Although the faunal elements of Far East Asian Mesozoic terrestrial biota have attracted much attention in recent years, their palaeoecology remains poorly known. In particular, features of the palaeoclimate are highly controversial. To address this point we used the Mesozoic fossil wood Xenoxylon, a genus recognized as an indicator of wet temperate biotopes and which is common in the area during the Carnian,Maastrichtian interval. We re-appraised bibliographic data and gathered new data for Xenoxylon in the Mesozoic of Far East Asia. This demonstrated that previous taxonomic approaches to the genus have been so far idiosyncratic. We examined the anatomical diversity of morphogenus Xenoxylon in Far East Asia and compared it to that of samples from Europe. This indicates that in an area centred on north-eastern China, Xenoxylon reached a level of anatomical diversity unmatched elsewhere in the world. We hypothesize that this diversity witnesses the persistence of palaeoecological conditions particularly suitable for Xenoxylon and that a wet temperate climate prevailed over most of the area throughout the Carnian,Maastrichtian interval. It is in this setting that the famous Jehol Biota probably evolved. [source]

Cambrian high-resolution biostratigraphy and carbon isotope chemostratigraphy in Scania, Sweden: first record of the SPICE and DICE excursions in Scandinavia

LETHAIA, Issue 1 2009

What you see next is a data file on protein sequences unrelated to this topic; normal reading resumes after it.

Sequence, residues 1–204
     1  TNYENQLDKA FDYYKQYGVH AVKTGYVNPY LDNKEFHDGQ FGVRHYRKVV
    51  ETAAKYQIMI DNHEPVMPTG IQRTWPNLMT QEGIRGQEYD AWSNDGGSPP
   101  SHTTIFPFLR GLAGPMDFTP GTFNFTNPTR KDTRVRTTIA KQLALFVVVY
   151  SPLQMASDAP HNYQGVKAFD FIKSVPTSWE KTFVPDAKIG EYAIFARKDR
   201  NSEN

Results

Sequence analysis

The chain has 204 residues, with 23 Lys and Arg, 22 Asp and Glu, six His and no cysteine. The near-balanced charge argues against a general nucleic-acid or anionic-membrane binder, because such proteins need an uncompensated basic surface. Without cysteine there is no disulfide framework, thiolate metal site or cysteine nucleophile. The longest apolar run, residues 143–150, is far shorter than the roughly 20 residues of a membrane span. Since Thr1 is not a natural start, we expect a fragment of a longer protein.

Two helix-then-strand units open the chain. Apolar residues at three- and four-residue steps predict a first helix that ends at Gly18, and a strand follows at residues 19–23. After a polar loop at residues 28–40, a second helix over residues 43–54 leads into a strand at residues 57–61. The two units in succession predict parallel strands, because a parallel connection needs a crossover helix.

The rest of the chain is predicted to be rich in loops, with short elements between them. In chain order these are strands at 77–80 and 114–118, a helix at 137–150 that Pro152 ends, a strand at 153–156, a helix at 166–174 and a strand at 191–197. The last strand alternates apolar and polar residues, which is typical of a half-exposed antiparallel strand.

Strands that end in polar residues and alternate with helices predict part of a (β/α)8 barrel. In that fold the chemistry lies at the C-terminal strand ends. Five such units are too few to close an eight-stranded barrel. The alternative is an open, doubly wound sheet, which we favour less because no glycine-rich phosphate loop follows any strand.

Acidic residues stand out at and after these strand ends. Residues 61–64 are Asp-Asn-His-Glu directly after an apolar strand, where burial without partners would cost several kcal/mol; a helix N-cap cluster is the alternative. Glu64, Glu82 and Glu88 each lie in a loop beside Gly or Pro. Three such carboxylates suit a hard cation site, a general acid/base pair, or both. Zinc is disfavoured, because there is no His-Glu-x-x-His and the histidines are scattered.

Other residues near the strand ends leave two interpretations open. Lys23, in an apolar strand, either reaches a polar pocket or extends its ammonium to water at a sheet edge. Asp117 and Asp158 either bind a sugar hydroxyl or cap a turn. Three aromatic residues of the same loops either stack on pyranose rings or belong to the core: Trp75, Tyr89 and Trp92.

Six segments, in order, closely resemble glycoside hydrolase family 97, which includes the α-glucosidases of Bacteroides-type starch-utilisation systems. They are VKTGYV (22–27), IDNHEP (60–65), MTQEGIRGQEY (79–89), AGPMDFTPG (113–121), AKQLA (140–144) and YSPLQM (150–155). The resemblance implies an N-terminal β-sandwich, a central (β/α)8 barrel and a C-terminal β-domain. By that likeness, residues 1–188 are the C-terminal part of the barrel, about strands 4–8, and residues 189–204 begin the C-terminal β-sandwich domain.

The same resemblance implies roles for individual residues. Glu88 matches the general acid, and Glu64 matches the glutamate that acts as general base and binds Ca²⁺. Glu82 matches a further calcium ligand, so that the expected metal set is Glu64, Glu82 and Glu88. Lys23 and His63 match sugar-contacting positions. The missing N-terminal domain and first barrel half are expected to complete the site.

A core drilling (Andrarum-3), from the classical locality at Andrarum, Scania, southernmost Sweden, penetrated a 28.90-m-thick Cambrian succession. The core comprises dark grey to black, finely laminated mudstones and shales with early concretionary carbonate lenses (stinkstones or orsten) and a few primary carbonate beds. The middle Cambrian (provisional Series 3) part of the core comprises 17.35 m, whereas the Furongian Series (upper Cambrian) part covers the remaining 11.55 m. Nineteen trilobite and two phosphatocopine genera are present in the middle Cambrian, whereas the less diverse Furongian interval yielded four trilobite and three phosphatocopine genera. Other, less frequent, faunal elements include conodonts (s. l.), brachiopods, sponge spicules, bradoriids, and coprolites. Trilobites and phosphatocopines were used to subdivide the core into seven biozones ranging from the Ptychagnostus atavus Zone to the Parabolina spinulosa Zone (P. spinulosa Subzone). Carbon isotopic analyses (,13Corg) through the core show two important excursions, the negative DrumIan Carbon isotope Excursion (DICE) in the Pt. atavus Zone, and the Steptoean Positive Carbon Isotope Excursion (SPICE) beginning near the first appearance of Glyptagnostus reticulatus and extending upward into the Olenus and Agnostus (Homagnostus) obesus Zone. The DICE displays a peak value, in the samples at hand, of ,30.45,,13Corg in the lower part of the P. atavus Zone. The ,13Corg values increase through the overlying L. laevigata and A. pisiformis zones and display peak values of c. ,28.00,,13Corg in the lowermost Furongian Olenus wahlenbergi and O. attenuatus subzones. Thereafter the values decrease significantly through the O. scanicus Subzone. Both isotopic excursions have been documented from several palaeocontinents, but never before from Baltica. Moreover, for the first time these excursions are recorded from organic matter in an alum shale setting. The recorded shift of +1.50,2.00,,13Corg is approximately half the magnitude of the SPICE documented from other regions. This discrepancy may be related to temporal variations in the type, origin, or diagenesis of the organic fraction analysed. [source]